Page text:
Fleet Feet Tweets: Tweets that have migrated to my blog for those who don’t do Twitter. They are listed here in chronological order. The intention is to offer a kind of journal of the creative process, as I try to write my first YA novel. If you are a Twitterite, follow me at @TomBirdseye.
Starting a new novel. Usually begins with a character, this time a scene. From the blood on snow I knew right away that this would be a YA.
What to do when scenes for a new novel keep on popping into my head? Take notes as fast as possible, and thank the Muse for the gifts.
Scenes go nowhere without characters. Who is it at the bottom of that slope, staring ashen-faced at blood on snow?
Got lost trying out Scrivener. Note to self: Beware the New Software Trap! Write first, and then — if there is time — get techy.
Experimenting with point of view. Also, voice. Nothing clicking yet, but I’m having fun trying to find to find the right resonance.
Clearing the deck (aka cleaning my office), making physical room as well as mental for the new novel to take over my brain.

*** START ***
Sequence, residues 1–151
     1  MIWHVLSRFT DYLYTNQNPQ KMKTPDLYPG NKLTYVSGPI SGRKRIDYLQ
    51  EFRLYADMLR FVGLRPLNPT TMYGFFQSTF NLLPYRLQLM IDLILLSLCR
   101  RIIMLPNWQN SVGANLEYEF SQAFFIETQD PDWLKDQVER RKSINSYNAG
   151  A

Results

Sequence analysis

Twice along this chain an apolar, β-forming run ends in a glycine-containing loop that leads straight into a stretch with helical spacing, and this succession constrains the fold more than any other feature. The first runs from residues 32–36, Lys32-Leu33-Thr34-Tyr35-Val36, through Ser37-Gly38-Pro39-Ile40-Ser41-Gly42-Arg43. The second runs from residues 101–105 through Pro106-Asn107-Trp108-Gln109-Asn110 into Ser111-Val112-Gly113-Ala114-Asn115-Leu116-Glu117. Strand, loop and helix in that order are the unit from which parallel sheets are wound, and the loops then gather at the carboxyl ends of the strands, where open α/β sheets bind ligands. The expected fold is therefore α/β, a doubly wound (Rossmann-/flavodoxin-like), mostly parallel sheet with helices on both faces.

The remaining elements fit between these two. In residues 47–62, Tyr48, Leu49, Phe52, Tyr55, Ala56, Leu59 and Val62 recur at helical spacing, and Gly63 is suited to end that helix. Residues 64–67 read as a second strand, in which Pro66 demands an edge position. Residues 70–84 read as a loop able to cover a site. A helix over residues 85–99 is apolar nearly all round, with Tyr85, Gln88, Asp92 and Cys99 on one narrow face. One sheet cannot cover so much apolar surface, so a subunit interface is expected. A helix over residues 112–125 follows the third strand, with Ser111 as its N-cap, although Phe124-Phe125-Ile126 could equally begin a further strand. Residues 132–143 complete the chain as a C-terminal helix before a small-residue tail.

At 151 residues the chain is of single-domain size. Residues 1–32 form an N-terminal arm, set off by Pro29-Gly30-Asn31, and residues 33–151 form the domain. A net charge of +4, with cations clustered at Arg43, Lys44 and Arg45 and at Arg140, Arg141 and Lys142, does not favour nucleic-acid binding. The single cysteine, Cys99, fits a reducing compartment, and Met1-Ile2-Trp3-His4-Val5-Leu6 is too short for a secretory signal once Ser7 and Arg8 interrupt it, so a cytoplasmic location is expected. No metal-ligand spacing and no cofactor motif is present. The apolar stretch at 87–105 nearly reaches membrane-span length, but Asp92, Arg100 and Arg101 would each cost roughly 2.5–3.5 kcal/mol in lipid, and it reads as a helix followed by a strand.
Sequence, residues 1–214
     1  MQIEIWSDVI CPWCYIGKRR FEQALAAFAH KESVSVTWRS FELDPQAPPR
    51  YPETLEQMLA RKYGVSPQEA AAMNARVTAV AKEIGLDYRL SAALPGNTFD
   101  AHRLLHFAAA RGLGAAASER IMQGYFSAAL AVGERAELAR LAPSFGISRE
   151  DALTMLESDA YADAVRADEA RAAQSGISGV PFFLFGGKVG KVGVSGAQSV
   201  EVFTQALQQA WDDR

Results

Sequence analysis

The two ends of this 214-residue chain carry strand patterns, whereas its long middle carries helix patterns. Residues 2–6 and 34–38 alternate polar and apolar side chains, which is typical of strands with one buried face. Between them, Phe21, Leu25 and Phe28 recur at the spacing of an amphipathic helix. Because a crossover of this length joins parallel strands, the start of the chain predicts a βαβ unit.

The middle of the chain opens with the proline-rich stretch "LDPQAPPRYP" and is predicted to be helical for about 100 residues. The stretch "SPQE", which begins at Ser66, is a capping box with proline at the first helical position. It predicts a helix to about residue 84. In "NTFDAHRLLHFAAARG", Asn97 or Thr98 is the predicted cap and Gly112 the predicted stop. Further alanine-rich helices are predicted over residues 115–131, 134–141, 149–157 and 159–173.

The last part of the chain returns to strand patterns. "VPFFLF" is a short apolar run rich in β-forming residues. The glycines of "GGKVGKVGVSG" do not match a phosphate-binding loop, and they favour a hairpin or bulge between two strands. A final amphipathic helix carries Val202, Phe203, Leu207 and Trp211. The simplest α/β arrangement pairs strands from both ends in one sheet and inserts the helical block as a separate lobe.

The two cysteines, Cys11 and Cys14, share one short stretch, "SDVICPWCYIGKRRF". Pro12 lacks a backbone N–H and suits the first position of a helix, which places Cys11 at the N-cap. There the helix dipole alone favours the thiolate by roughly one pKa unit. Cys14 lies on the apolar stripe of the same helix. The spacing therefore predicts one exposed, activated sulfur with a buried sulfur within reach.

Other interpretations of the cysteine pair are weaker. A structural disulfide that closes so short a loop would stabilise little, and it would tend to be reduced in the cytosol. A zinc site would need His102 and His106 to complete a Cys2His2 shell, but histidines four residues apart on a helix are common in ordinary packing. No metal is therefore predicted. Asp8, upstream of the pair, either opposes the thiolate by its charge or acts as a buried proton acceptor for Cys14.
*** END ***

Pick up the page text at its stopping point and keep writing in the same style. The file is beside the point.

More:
Is it possible that a certain spot to the side of a trail can illicit creativity? But only if I am running past it? No stopping allowed?
Woke up this morning with the first scene of my new novel playing in my head. I had no idea it would turn comic. Well, comic then tragic.
Turns out my protagonist is named Wren. Possibly. His face is still too blurred to tell for sure. I like him, though. He reads books.
Wren is a trail runner as well as a reader. This comes up every book: how much of myself goes into my protagonist? Default setting: lots.
As characters appear in the story, they need names. I put in placeholders at first, then go back and try to find the perfect tag.
I find it hard to get far with a first draft until I’ve found the right voice. Lots of free writing, character development, but no voice.
The working title of my new YA novel — Fracture Lines — has pulled up a chair, helped itself to the chips and dip, made itself at home.